Back in Session

This week the Texas Legislature gaveled in the 83rd Legislative Session and higher education will be one of the top agenda items discussed, debated and legislated during this Session. Cost, accessibility and quality are all topics of discussion, as well as the potential appointment of 16 regents to Texas university systems. Texas, of course, isn’t the only state where higher education is a hot topic. The American Association of State Colleges and Universities this week issued a report on the “Top 10 Higher Education State Policy Issues for 2013.” The full report can be viewed here, but the issues range from state support to college readiness and online education. Many of these same issues continue to dominate discussions in Texas. The Coalition will continue to be a thoughtful voice in any debate on higher education as we have since our inception in June of 2011. We believe in the critical importance of both teaching and research, we promote quality in higher education, and we support university leaders who have demonstrated their commitment to a culture of excellence and continual innovation. We also support the efforts of those universities that are working to achieve Tier One status, which would bring additional research and development capabilities, and create jobs and economic opportunity throughout Texas. This legislative session we will champion those efforts to improve quality education for Texas students and criticize any so-called “reforms” that will undermine the quality and integrity of our universities, especially our Tier One institutions.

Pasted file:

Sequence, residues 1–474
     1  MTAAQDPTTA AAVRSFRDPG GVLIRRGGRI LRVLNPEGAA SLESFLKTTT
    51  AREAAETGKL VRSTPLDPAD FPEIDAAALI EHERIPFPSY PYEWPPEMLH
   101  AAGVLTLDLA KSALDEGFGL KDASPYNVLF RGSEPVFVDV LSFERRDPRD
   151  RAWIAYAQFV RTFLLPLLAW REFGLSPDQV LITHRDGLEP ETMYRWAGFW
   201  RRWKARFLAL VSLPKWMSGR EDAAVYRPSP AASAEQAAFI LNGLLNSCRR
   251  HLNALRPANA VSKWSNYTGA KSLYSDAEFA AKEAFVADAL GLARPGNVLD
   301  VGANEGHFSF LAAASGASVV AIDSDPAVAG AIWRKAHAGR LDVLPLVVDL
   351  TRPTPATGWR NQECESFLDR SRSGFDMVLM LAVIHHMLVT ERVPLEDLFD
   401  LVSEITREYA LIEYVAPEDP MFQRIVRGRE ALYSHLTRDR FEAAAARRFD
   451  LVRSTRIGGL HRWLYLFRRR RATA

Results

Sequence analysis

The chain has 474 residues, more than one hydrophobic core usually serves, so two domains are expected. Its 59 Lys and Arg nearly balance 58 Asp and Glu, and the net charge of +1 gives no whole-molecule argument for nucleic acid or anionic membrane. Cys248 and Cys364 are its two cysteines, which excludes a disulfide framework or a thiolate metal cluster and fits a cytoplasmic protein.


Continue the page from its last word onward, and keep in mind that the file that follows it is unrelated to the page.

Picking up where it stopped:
Latest Updates

  • UH to the Big 12?

    Reports out this week suggest the University of Houston would drop its opposition to the UT System expansion in Houston in exchange for entrance into the Big 12 conference. The idea of welcoming UH into the Big 12 received immediate support from Governor Abbott, Lieutenant Governor Patrick and UT Austin President Fenves, as indicated by a round of supportive Tweets. According to the Austin American-Statesman, Houston lawmakers had differing views on whether or not a “swap” was in the works. “I have talked to boosters of the university who have floated that concept,” said Rep. Garnet Coleman. “In these circumstances, people use the tools that they have, and that’s one of the tools the University of Houston has. All’s fair in love and war.” State Sen. John Whitmire, however, had a differing view. “For anyone to think there’s a swap there, I say not only no, but hell no,” he said. “They are separate and apart.”

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  • "Undisputed Center for Innovation and Intellectual Capital"

    Saying he is “fueling a new era of economic development” Gov. Greg Abbott this week announced the first round of recipients of the Governor's University Research Initiative. The funds are intended to attract renowned researchers to Texas universities, and this first batch certainly meets that description. The 10 researchers, who are members of The Royal Society in the United Kingdom, the National Institutes of Health, the National Academy of Engineering and the National Academy of Sciences, will come to three Texas schools: Texas A&M University, the University of Texas at Austin and the University of Houston. Texas A&M will receive half the researchers. In an op-ed following the announcement, Abbott wrote: “Because of the strategic investments we are making today, Texas will be the undisputed center for innovation and intellectual capital in this decade and beyond.”

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